Due to the rather insulting and patronizing email I got from, purportedly, the young lad’s father (whose English, although good, isn’t perfect so I imagine it was actually written by the British mother who supposedly was a friend of mine) … I realized that all my good intentions, help, generosity, transportation, etc. etc. had all been a complete waste of time.

All that mattered was the young couple’s exit to pastures new and to hell with those of us (and it wasn’t only me) who helped them while they were staying with us. The thought of  writing a letter or email (other than the brief email that eventually found me, saying they were leaving and oh, by the way, thanks) to say how our hospitality and help, however modest, had made a difference to them … well, who needs to write courteously to someone you don’t need any more? And if they didn’t receive the short little email, who cares?

The pen IS mightier than the sword, after all…

I’m sure the parents of this poisonous young lad will be thinking that, had he been intelligent enough to make sure I had received his very curt email saying they were leaving … given that I wasn’t picking up all emails while abroad in the “wilds” of Canada! – none of this awful pain would have been incurred.

But then, of course, there was the small – and to many, a very small – matter of the money this silly little guy owed us.

Although no amount of good writing could have persuaded me and my son to somehow agree that the outstanding small amount of money was just a figment of our imaginations … some sincere, thoughtful, grateful and mature writing on the part of this little snake and his parents would have gone a long way towards resolving the whole issue amicably. The right words would have been that powerful.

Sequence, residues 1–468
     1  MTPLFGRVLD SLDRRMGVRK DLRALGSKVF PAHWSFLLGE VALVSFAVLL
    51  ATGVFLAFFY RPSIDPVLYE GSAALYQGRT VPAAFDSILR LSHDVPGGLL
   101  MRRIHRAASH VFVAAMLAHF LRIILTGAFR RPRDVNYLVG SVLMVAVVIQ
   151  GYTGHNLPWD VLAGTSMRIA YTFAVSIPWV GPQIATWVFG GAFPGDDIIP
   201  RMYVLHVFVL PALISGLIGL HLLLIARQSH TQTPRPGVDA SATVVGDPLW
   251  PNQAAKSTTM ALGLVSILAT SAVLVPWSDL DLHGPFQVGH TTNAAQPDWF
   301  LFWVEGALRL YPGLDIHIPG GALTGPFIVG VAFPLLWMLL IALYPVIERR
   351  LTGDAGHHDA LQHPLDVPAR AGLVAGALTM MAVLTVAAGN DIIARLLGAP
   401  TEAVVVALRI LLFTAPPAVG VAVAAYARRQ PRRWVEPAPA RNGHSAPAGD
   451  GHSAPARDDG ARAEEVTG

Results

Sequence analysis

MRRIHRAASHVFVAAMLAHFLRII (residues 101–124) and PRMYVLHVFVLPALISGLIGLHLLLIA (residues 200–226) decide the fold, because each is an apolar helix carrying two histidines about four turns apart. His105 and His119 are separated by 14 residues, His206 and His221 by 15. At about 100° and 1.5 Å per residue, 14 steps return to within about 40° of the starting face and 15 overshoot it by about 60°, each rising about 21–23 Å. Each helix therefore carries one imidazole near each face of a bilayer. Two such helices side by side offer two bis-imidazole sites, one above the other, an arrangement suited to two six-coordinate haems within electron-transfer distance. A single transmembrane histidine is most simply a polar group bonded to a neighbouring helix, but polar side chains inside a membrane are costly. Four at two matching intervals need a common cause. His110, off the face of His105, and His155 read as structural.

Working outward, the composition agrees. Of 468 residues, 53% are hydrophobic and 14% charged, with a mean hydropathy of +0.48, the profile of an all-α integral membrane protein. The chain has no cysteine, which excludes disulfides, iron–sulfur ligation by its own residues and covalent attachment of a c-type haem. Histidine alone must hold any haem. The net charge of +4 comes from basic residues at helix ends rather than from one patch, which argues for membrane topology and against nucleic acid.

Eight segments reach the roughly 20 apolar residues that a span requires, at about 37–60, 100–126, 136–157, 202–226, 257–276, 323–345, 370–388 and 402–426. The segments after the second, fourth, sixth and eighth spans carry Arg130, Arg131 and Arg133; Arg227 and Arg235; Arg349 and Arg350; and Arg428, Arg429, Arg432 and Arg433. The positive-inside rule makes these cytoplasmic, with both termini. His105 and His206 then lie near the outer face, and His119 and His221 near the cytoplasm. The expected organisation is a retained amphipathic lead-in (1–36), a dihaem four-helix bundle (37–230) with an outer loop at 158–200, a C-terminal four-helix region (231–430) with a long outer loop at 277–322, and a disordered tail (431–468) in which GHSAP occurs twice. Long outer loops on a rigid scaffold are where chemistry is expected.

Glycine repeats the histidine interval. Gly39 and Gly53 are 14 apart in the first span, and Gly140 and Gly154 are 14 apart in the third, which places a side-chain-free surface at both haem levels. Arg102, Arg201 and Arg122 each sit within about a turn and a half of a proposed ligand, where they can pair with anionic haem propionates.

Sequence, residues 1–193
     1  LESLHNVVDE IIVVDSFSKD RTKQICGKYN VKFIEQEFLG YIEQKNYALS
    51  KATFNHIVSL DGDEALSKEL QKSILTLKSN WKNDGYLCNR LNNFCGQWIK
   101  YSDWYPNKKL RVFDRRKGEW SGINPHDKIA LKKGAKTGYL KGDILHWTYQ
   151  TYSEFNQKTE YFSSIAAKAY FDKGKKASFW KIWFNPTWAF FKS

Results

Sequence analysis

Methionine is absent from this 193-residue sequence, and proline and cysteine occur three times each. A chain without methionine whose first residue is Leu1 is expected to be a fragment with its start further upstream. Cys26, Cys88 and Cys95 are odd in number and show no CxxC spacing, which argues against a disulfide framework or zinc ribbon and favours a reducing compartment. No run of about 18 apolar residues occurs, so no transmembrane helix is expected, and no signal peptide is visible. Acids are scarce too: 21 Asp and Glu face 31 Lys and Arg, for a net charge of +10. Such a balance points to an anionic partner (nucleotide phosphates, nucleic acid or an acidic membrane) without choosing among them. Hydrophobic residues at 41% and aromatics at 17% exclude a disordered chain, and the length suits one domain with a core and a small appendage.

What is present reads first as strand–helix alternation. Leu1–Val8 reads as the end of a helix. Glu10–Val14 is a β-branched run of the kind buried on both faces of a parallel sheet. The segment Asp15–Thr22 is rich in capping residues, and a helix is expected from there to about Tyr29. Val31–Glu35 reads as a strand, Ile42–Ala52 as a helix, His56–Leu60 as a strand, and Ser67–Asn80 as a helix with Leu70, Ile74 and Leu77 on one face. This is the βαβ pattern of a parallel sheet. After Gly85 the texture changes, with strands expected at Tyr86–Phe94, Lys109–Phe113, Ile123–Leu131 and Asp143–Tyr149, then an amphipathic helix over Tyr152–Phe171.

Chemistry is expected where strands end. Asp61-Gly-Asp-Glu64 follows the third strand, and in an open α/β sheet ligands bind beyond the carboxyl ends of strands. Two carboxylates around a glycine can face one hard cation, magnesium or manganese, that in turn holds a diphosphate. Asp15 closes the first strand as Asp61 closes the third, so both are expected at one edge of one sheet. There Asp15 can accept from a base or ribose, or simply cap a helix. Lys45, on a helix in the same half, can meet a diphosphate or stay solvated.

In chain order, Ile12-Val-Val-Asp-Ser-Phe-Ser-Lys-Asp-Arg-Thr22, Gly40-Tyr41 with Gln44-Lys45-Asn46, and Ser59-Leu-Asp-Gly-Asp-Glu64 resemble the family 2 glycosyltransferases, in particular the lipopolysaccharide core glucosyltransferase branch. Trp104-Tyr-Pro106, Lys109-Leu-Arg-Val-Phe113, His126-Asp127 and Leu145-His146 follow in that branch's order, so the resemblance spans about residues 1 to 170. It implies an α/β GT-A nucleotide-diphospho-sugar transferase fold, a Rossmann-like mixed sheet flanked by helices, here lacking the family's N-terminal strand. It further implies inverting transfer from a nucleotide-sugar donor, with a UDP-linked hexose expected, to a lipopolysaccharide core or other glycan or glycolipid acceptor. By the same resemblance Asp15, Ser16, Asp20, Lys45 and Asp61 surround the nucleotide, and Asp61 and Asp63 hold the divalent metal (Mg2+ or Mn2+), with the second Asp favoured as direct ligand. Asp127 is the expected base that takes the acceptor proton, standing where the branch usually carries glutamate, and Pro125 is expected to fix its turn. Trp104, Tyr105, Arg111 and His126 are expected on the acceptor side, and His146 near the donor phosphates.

As it stands now, this family will never darken our doors again: much as I like to help people when I can, once I have been spat upon, they don’t ever get another chance.

Shame. But that’s what happens when you write the wrong things. (And of course so far, the owed money has not been payed…)

Please share your thoughts…I would love to know if this kind of sad, cynical use of kindness has happened to you.

photo credit: Briography via photopin cc
photo credit: nicksarebi via photopin cc




  1. Good grief Suzan – I am so sorry that happended to you.You so don’t deserve it. I just had one incident with a neighbour across the way from us – who stormed over to our house and just about banged down our frontdoor to shout at my husband to move his car. She has never introduced herself – heck he didn’t even know who she was. He had only been living with me for about 6 months at that point. He was mortified and moved his car. (Which wasn’t in the way…by the way).

    When he told me – I was absolutely furious. He is such a polite man…he didn’t have a come back for her behaviour. I wrote a long letter to tell her in polite, even toned terms what I thought of her behaviour….I then got a neighbour who knew her better to read it first…and asked if I was right to send it.

    She said…while I had written a well thought out letter – she didn’t think the woman in question had the peace of mind to take any of it on board and would rather have lashed out more.While I was FUMING…for months and months afterwards….I didn’t send the letter. 🙁

    I ignored her purposely for years.

    Sometimes we also have to think about the perception of the person who we are writing to….and whether they will be mature enough hey?

    • That neighbour of yours was well out of order, and for you to avoid sending the letter was very restrained of you. People who have hysterics like that are actually bullies, because you are afraid to put them back in their place in case they harass you even more. In the case of this little snake in my article, I suspect he will eventually get what he deserves. He has, in my view a serious attitude problem and as someone else said on Facebook, one day he will upset the wrong person – who is in a position to damage him severely, and will do so.